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    That is when I knew we had to be prepared. No more winging it. We couldn’t take a chance like that ever again. We were “lucky” one too many times. We were very fortunate that we did not lose our home to the Los Angeles wildfire, and only had minimal damage from the severe storm which hit our home in Illinois.
      
    In 2017 alone, FEMA (Federal Emergency Management Agency) had 137 natural disasters declared within the United States. According to FEMA, around 50% of the United States population isn’t prepared for a natural disaster. These disasters can happen anywhere, anytime and some without notice. It’s hard enough being a parent, let alone being a parent of a gluten free family member. Now, add a natural disaster on top of that. Are you prepared?
    You can find my Gluten Free Emergency Food Bags and other useful products at www.allergynavigator.com.  

    Jefferson Adams
    Celiac.com 04/23/2018 - A team of researchers recently set out to learn whether celiac disease patients commonly suffer cognitive impairment at the time they are diagnosed, and to compare their cognitive performance with non-celiac subjects with similar chronic symptoms and to a group of healthy control subjects.
    The research team included G Longarini, P Richly, MP Temprano, AF Costa, H Vázquez, ML Moreno, S Niveloni, P López, E Smecuol, R Mazure, A González, E Mauriño, and JC Bai. They are variously associated with the Small Bowel Section, Department of Medicine, Dr. C. Bonorino Udaondo Gastroenterology Hospital; Neurocience Cognitive and Traslational Institute (INECO), Favaloro Fundation, CONICET, Buenos Aires; the Brain Health Center (CESAL), Quilmes, Argentina; the Research Council, MSAL, CABA; and with the Research Institute, School of Medicine, Universidad del Salvador.
    The team enrolled fifty adults with symptoms and indications of celiac disease in a prospective cohort without regard to the final diagnosis.  At baseline, all individuals underwent cognitive functional and psychological evaluation. The team then compared celiac disease patients with subjects without celiac disease, and with healthy controls matched by sex, age, and education.
    Celiac disease patients had similar cognitive performance and anxiety, but no significant differences in depression scores compared with disease controls.
    A total of thirty-three subjects were diagnosed with celiac disease. Compared with the 26 healthy control subjects, the 17 celiac disease subjects, and the 17 disease control subjects, who mostly had irritable bowel syndrome, showed impaired cognitive performance (P=0.02 and P=0.04, respectively), functional impairment (P<0.01), and higher depression (P<0.01). 
    From their data, the team noted that any abnormal cognitive functions they saw in adults with newly diagnosed celiac disease did not seem not to be a result of the disease itself. 
    Their results indicate that cognitive dysfunction in celiac patients could be related to long-term symptoms from chronic disease, in general.
    Source:
    J Clin Gastroenterol. 2018 Mar 1. doi: 10.1097/MCG.0000000000001018.

    Connie Sarros
    Celiac.com 04/21/2018 - Dear Friends and Readers,
    I have been writing articles for Scott Adams since the 2002 Summer Issue of the Scott-Free Press. The Scott-Free Press evolved into the Journal of Gluten Sensitivity. I felt honored when Scott asked me ten years ago to contribute to his quarterly journal and it's been a privilege to write articles for his publication ever since.
    Due to personal health reasons and restrictions, I find that I need to retire. My husband and I can no longer travel the country speaking at conferences and to support groups (which we dearly loved to do) nor can I commit to writing more books, articles, or menus. Consequently, I will no longer be contributing articles to the Journal of Gluten Sensitivity. 
    My following books will still be available at Amazon.com:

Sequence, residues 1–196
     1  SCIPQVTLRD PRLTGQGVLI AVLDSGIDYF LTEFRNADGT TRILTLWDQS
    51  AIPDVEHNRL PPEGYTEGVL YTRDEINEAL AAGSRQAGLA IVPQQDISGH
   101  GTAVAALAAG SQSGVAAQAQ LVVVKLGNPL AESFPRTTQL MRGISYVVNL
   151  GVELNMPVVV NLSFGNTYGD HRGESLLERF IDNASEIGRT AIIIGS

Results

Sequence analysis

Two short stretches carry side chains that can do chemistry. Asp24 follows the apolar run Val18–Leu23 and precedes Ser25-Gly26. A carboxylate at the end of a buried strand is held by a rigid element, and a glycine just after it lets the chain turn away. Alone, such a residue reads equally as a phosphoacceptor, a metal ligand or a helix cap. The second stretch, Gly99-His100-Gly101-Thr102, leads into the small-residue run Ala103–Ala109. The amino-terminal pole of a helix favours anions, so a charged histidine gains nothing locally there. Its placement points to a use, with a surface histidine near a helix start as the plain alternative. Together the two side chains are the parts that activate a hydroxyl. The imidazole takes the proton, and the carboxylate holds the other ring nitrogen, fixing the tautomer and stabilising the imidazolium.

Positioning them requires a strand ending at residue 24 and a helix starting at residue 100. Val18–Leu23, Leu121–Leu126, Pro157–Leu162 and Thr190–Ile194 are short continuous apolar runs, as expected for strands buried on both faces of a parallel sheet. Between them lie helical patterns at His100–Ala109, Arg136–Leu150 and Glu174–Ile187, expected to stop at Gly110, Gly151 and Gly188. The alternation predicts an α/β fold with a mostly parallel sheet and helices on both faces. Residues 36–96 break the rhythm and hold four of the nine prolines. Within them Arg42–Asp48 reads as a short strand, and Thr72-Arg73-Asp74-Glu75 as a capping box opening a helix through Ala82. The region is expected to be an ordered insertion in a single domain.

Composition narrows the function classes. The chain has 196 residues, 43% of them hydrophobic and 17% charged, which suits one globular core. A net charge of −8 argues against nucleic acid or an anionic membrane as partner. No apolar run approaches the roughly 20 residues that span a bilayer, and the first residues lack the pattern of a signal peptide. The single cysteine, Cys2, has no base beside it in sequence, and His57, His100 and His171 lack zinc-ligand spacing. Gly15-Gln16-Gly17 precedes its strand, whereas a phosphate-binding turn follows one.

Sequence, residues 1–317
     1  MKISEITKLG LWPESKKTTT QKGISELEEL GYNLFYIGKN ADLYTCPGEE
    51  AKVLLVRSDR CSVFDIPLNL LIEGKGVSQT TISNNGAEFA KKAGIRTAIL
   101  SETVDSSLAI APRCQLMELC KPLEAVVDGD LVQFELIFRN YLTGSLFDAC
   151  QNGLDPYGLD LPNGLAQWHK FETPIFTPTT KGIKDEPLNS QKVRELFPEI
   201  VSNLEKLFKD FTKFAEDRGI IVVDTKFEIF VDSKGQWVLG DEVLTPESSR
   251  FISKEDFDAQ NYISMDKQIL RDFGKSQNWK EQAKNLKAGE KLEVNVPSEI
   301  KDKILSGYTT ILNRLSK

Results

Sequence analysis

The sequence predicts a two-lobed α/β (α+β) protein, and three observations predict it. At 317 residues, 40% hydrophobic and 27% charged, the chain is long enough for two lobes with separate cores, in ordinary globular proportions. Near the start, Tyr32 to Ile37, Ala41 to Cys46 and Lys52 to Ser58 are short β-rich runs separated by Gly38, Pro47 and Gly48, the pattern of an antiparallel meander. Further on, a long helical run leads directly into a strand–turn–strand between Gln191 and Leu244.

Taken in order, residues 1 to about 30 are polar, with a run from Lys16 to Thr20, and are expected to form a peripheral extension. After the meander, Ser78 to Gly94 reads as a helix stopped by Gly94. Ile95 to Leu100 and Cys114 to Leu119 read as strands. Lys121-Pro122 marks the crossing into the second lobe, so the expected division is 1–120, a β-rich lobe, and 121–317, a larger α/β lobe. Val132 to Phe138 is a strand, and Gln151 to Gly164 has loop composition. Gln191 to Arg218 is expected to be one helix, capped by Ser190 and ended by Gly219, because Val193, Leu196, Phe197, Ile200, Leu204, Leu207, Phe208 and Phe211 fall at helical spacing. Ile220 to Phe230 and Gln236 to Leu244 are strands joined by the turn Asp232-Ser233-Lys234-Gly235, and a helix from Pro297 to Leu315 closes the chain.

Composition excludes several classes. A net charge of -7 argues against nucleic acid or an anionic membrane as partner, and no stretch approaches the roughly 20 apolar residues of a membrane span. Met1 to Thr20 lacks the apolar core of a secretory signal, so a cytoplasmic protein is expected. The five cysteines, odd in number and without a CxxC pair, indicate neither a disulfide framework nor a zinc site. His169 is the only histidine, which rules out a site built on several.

Gluten-free Cooking for Dummies Student's Vegetarian Cookbook for Dummies Wheat-free Gluten-free Dessert Cookbook Wheat-free Gluten-free Reduced Calorie Cookbook Wheat-free Gluten-free Cookbook for Kids and Busy Adults (revised version) My first book was published in 1996. My journey since then has been incredible. I have met so many in the celiac community and I feel blessed to be able to call you friends. Many of you have told me that I helped to change your life – let me assure you that your kind words, your phone calls, your thoughtful notes, and your feedback throughout the years have had a vital impact on my life, too. Thank you for all of your support through these years.

    Jefferson Adams
    Celiac.com 04/20/2018 - A digital media company and a label data company are teaming up to help major manufacturers target, reach and convert their desired shoppers based on dietary needs, such as gluten-free diet. The deal could bring synergy in emerging markets such as the gluten-free and allergen-free markets, which represent major growth sectors in the global food industry. 
    Under the deal, personalized digital media company Catalina will be joining forces with Label Insight. Catalina uses consumer purchases data to target shoppers on a personal base, while Label Insight works with major companies like Kellogg, Betty Crocker, and Pepsi to provide insight on food label data to government, retailers, manufacturers and app developers.
    "Brands with very specific product benefits, gluten-free for example, require precise targeting to efficiently reach and convert their desired shoppers,” says Todd Morris, President of Catalina's Go-to-Market organization, adding that “Catalina offers the only purchase-based targeting solution with this capability.” 
    Label Insight’s clients include food and beverage giants such as Unilever, Ben & Jerry's, Lipton and Hellman’s. Label Insight technology has helped the Food and Drug Administration (FDA) build the sector’s very first scientifically accurate database of food ingredients, health attributes and claims.
    Morris says the joint partnership will allow Catalina to “enhance our dataset and further increase our ability to target shoppers who are currently buying - or have shown intent to buy - in these emerging categories,” including gluten-free, allergen-free, and other free-from foods.
    The deal will likely make for easier, more precise targeting of goods to consumers, and thus provide benefits for manufacturers and retailers looking to better serve their retail food customers, especially in specialty areas like gluten-free and allergen-free foods.
    Source:
    fdfworld.com